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On April 27, 2023, the state of Washington enacted a landmark privacy law aimed at protecting the privacy of health data not covered by HIPAA. While the 2023 legislative season has been busy for state “comprehensive” privacy laws, this law is likely to have the most impact on businesses. The My Health My Data Act covers a very wide range of entities, consumers, and data, as we describe below. And, it contains a private right of action. With the law coming into effect in the first half of 2024, organizations will want to take steps now to understand the scope of this law and its onerous obligations.

What Entities are Covered by the Act?

The law applies to “regulated entities” as defined by the Act. The definition is sufficiently broad that it will apply to most non-governmental entities – including non-profits. A “regulated entity” is any entity that (1) conducts business in Washington, or produces or provides products or services targeted to consumers in Washington, and (2) alone, or jointly with others, determines the purpose and meanings of collecting, processing, sharing, or selling of consumer health data.

The Act also defines “small businesses.” However, “small businesses” are a subset of regulated entities and the only difference in the Act is that for some provisions, there is a different effective date for small businesses. As we discuss below, there are a number of exclusions in the Act, primarily for data covered by other enumerated privacy laws.

What Consumers are Covered by the Act?

“Consumer” means (1) a natural person who is a Washington resident; or (2) a natural person whose consumer health data is collected in Washington. The definition excludes employees and B2B data (unlike CCPA). While the first prong seems to set a geographic boundary on the scope of consumers covered, the second prong creates a surprising broader scope. The second prong could be interpreted to mean that personal data of individuals with no connection to Washington are captured by the law if the data is “collected” in Washington. “Collect” means to buy, rent, access, retain, receive, acquire, infer, derive, or otherwise process consumer health data in any manner.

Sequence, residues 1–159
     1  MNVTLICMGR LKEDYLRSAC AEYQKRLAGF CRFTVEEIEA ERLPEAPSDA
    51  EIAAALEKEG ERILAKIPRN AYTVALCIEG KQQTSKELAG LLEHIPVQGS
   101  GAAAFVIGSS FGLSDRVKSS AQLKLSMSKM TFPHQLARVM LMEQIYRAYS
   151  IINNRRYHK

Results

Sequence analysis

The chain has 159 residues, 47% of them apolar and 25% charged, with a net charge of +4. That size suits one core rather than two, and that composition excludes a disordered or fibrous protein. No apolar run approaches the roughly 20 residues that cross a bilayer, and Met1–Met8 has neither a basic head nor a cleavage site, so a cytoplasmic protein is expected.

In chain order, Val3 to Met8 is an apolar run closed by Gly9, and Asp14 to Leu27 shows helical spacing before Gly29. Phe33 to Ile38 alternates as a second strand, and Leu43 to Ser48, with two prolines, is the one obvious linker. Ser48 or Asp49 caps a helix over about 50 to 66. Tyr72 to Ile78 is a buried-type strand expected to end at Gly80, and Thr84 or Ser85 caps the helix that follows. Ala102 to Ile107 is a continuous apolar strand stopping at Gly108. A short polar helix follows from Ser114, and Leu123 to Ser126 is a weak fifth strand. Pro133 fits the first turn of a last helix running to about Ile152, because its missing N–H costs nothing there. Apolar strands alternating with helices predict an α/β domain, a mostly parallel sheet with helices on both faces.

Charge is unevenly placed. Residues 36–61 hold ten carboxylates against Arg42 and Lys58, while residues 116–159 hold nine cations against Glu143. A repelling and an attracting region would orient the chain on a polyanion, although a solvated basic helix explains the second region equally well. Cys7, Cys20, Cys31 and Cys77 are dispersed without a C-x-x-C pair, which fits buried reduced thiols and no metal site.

What Data is Covered by the Act?

The law applies to “consumer health data.” Given the broad scope of the definition, it is easier to first think about what data is not included in the Act.

There are exceptions for data that is subject to certain enumerated privacy laws such as HIPAA, GLBA, FCRA, FERPA, and existing Washington state laws related to health care and insurance. The exception covers nearly all health information processed by a HIPAA covered entity or a business associate processing the data on behalf of a covered entity. Data that is not covered by HIPAA, but that originates from and is maintained by a covered entity or business associate and intermingled with HIPAA-covered data is excluded.

The law also excludes employee and B2B information (since those persons are excluded from the definition of consumers). There is also an exception for data used for certain peer-reviewed research in the public interest. Deidentified information (as defined in the Act) and “publicly available” information are also excluded.

With the lens of what data is not in scope, we turn to the actual definition of “consumer health data.” This is defined as any personal information that is “linked or reasonably linkable to a consumer and that identifies the consumer’s past, present, or future physical or mental health status.” The definition goes on to enumerate a list of data types that are included within “physical or mental health status,” though the list is non-exclusive. The list includes data that identifies a consumer seeking health care services and any information that is derived or extrapolated from non-health information.

Putting it into Practice. The enactment of this law fits within the growing trend of increased focused around health information and the privacy laws that govern it. Given the sweeping scope of this law, companies should carefully evaluate to what extent the law may apply. We may see some companies geo-blocking consumers from Washington and avoiding processing data in Washington as a way to limit potential exposure under the Act. In the coming days we will discuss other aspects of the law, including the consumer rights provisions and consent requirements.